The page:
Susannah Mulvale is a doctoral student in the Historical, Theoretical, and Critical Studies of Psychology program at York University. Winner of the 2017 Mary J. Wright Award from the CPA History and Philosophy of Psychology section. Susannah is also serving as the 2018 CPA program co-chair for the section.  She holds an MA in History and Theory from York and one in Philosophy from University of Guelph and a BA in Philosophy with a Minor in Psychology from Concordia University. Her research interests are in the intersections between philosophy and psychology, and particularly in phenomenological, post-modern, and feminist critiques of psychology. Susannah is the current Co-Editor for the PFV Blog Standpoints . For more information.




Clairissa "Clair" Robinson

Clair Robinson is an undergraduate student at York University perusing an Honours BA in Psychology and Political Science, while earning a professional certificate in Public Administration and Law. She is an executive member of Youth Mental Health Canada, treasurer for VASA, former president of the mental health advocacy group Active Minds, and is active in the community. She has worked with abused women and children in shelters and is passionate about feminism and equity. Her interests include feminist psychology, mental health policy, inter-generational trauma, and alternative therapies to medication. Her goals are to advocate for mental health and gender equality at the policy level and pursue research with a focus on gendered psychological topics (battered woman syndrome, premenstrual dysphoric disorder, and sexual assault). For more information.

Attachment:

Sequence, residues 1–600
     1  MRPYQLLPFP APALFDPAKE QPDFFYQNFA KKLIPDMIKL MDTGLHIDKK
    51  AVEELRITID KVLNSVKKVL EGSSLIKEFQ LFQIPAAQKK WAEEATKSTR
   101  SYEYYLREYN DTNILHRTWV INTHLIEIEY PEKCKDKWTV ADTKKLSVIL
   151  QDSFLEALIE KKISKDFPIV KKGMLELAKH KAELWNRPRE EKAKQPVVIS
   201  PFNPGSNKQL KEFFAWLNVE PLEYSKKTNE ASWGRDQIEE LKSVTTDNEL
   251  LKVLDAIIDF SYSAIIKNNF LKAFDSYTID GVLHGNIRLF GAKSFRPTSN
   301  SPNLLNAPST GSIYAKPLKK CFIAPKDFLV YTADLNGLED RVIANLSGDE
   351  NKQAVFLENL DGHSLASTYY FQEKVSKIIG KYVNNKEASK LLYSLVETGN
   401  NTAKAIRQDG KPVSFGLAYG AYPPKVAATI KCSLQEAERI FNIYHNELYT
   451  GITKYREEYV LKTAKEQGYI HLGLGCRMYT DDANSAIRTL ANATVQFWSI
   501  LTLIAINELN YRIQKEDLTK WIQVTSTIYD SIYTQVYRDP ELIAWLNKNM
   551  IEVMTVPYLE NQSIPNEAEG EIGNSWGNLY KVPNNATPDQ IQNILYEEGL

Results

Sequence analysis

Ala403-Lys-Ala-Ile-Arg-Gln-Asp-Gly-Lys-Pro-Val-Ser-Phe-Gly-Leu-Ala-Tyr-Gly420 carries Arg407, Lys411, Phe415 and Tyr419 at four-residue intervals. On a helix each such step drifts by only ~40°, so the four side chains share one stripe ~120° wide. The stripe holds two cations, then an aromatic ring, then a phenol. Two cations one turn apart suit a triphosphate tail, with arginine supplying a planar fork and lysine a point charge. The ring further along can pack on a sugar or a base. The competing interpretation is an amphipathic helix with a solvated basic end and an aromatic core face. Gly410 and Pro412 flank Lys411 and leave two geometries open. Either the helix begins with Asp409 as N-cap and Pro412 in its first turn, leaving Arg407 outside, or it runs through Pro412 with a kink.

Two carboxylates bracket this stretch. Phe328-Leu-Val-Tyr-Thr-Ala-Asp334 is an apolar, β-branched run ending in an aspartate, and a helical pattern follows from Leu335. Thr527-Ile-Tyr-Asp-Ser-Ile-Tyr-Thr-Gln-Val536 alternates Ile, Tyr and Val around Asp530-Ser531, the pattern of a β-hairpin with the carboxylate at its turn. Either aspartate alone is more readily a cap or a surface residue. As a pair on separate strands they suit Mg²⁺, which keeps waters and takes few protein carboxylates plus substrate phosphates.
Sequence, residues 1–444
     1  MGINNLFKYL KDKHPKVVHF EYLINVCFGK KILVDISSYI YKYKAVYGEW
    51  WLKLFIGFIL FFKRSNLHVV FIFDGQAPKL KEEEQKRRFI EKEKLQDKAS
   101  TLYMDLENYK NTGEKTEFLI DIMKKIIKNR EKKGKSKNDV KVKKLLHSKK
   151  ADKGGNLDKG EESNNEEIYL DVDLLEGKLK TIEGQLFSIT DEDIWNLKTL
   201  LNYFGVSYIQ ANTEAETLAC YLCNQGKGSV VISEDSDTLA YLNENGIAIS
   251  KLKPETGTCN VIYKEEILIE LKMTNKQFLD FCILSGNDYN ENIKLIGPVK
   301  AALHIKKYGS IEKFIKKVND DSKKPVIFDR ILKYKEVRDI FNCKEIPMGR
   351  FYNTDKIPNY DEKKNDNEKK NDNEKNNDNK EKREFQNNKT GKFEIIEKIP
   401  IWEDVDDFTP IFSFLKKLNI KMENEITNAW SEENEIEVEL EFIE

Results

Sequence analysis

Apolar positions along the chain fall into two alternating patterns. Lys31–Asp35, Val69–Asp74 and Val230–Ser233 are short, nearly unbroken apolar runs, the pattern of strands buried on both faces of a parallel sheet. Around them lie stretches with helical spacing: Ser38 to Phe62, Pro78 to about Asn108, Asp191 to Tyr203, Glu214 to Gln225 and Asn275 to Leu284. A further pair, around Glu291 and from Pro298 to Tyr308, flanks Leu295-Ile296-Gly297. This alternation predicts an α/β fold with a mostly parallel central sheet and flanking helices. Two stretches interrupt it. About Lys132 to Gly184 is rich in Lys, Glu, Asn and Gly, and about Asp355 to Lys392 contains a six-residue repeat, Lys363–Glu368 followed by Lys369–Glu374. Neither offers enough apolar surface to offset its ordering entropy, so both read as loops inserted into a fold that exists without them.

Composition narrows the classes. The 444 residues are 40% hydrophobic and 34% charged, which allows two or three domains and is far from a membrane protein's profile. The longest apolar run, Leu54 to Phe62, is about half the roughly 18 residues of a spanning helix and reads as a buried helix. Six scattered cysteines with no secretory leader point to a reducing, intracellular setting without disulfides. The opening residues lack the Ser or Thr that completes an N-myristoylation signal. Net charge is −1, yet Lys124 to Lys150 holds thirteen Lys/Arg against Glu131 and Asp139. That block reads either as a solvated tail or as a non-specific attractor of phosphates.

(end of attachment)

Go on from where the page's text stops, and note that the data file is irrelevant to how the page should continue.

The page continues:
Sonia Sandhu

Sonia Sandhu is an undergraduate student in the Honours Psychology program with a minor in Political Science at York University, Toronto, Canada. She has a passion for feminist theory and political studies. Particularly regarding human rights and mental health studies focused through the macro lens of the Political and micro lens of Psychology. Sandhu's research interests to date include advancing healthcare practices for individuals with mental health concerns, feminist and cognitive-behavioral theraputic approaches, as well as psychoanalytic ethnography. She is planning to pursue graduate studies in clinical psychology or social work.



Alexis Strazds

Alexis Strazds is a Ph.D. student in the History, Theory, and Critical Studies of Psychology program at York University, Toronto, Canada. Strazds also holds an MA in Social & Personality Psychology and an Hons. B.A. in Psychology with a minor in History from York University. Their research interests include developing inclusive methods, particularly in the context of approaches to the study of gender that include non-binary individuals and transcend masculinity and femininity. 



Cindy Ta